Wednesday, July 11, 2012

Vol. 2 No. 61 Jerry Dyes, a Texas Legend

       In the April 1962 posting that covered some of the big Relays meets,  there was mention of a remarkable performance by Jerry Dyes of Abiliene Christian College.  Jerry won the javelin (237'-4"),  triple jump (49'-11 3/4") ,  and long jump (broadjump in the day)(25'3 1/2") at the Kansas Relays.   I was able to contact Jerry to get some details about his history.  He certainly had great arm and leg strength and running speed to go with it. He was a member of the Abiliene Christian 440 relay team that won the Penn Relays over Villanova with international sprinters, Frank Budd and Paul Drayton.  Jerry mentioned that the Penn officials didn't allow him time to change out of his javelin shoes for that race.     He  has some great coaching credentials as well, having coached at Abiliene, Northwestern State University in  Lousiana (1970-82) , Louisiana Tech (1982-88,  and U. of Texas San Antonio.  He was very forthcoming when I contacted him as you will see further down in this posting.  He's  a great storyteller, and I would love to hear him talk about track and field in the 60's.   Jerry retired from competition early at the age of twenty-two.   (His great regret in life).  But he got back into the sport at the Master's level and went undefeated in the javelin for about 15 years.  He competed at the international level, not just behind the family barn where his career began.   He defeated former Olympic champions including Janis Lusis at world Senior Championships.   He currently coaches cross country at Schreiner University, a Division III school in Kerrville, Texas. 

Below are some of our email conversations and photos and extracts from his Facebook page.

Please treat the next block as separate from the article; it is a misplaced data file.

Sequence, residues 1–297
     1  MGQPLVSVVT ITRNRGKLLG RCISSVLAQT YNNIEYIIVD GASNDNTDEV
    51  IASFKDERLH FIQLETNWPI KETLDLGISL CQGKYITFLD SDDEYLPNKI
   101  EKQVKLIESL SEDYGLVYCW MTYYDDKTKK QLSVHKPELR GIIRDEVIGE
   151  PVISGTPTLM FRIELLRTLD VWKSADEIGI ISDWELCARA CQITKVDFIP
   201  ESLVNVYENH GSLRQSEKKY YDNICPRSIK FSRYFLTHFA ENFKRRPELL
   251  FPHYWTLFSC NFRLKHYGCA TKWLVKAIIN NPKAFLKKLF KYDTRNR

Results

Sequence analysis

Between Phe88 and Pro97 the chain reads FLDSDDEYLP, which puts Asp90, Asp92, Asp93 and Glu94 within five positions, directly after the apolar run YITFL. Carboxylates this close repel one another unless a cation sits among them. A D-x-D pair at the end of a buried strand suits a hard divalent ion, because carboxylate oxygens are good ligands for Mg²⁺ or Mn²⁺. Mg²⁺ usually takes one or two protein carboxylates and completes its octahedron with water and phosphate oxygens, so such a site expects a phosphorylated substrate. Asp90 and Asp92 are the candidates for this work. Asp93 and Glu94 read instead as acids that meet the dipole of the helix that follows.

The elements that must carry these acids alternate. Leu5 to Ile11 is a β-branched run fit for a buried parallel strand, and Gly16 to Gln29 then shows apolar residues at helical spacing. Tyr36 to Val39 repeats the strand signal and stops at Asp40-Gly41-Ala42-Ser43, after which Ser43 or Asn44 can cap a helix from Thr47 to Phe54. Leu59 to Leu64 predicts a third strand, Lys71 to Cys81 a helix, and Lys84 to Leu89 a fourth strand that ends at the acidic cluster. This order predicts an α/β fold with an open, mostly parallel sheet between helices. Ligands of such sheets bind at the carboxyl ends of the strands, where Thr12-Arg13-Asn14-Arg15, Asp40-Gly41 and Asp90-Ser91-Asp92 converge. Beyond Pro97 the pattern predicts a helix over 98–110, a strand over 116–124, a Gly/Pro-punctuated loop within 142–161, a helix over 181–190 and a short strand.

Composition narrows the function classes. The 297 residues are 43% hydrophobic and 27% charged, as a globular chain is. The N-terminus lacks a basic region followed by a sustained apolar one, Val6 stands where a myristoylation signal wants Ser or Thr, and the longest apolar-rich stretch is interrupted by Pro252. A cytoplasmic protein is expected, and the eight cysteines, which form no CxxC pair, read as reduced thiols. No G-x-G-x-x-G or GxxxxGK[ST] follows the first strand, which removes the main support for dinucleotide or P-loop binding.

Jerry doesn't mind being contacted at his email address  JBDyes@schreiner.edu  
June 21, 2012 2:30 PM
To: Dyes, Jerry B
Subject: some of your track and field history

Jerry,

I'm currently co-writing a blog on 1950's and 1960's track and field.   We've gotten up to April 1962, and I noticed you had a brilliant day April 21, 1962  at Kansas Relays;,   Javelin 237-4, Long Jump 25- 3 1/2, TJ  49 - 11  3/4.   We're wondering if you also drove the bus and washed the uniforms.    Would you be willing to recount anything about that day and the season in general?    Our site can be found at    www.onceuponatimeinthevest.blogspot.com     Also appears that you are still in the coaching game at Schreiner U. in Kerrville.     Is that where Kinky Friedman is from?  
George Brose
Kettering, OH  

                                                            International Masters Champ


                                                                   A Fourth Grader

 
George,

Thanks for the note.  I have retired and am coaching part time as cross country coach at Schreiner University.  Yes, Kinky Friedman is a Kerrville native.  I remember riding a train from Abilene to Lawrence that spring.  Indeed, I would ride the same train two years later and win the decathlon at the Kansas Relays.  I made the greatest mistake of my life by not doing the decathlon at the Olympic Trials that year.  I gave up track in 1964 and went into coaching.  Life’s experiences tell me that I gave up a great opportunity by not concentrating on the decathlon for the following eight years.  I guess it is a regret.  I am the only person to win the javelin throw at the Texas, Kansas, Drake, and Penn Relays.  I had five opportunities and finished second by a foot or so at the Texas Relays in 1962.  The javelin throw and long jump were rained out that year on Friday and were conducted at the same time the next morning.  I was running back and forth from the stadium to a field well outside the stadium.  I finished second in both events.   J.D. Martin is a friend of mine.  I assume you all were teammates.  I have to run, but good luck with your blog.  Jerry Dyes




George,

I just opened your reply note at Schreiner and responded with a long reply, but lost it somewhere on this computer.  I will try again, but will probably not be as detailed as before.  I read your blog.  I love it.  I like to read about those guys and see the various photographs of each.
Catoon from ACC newspaper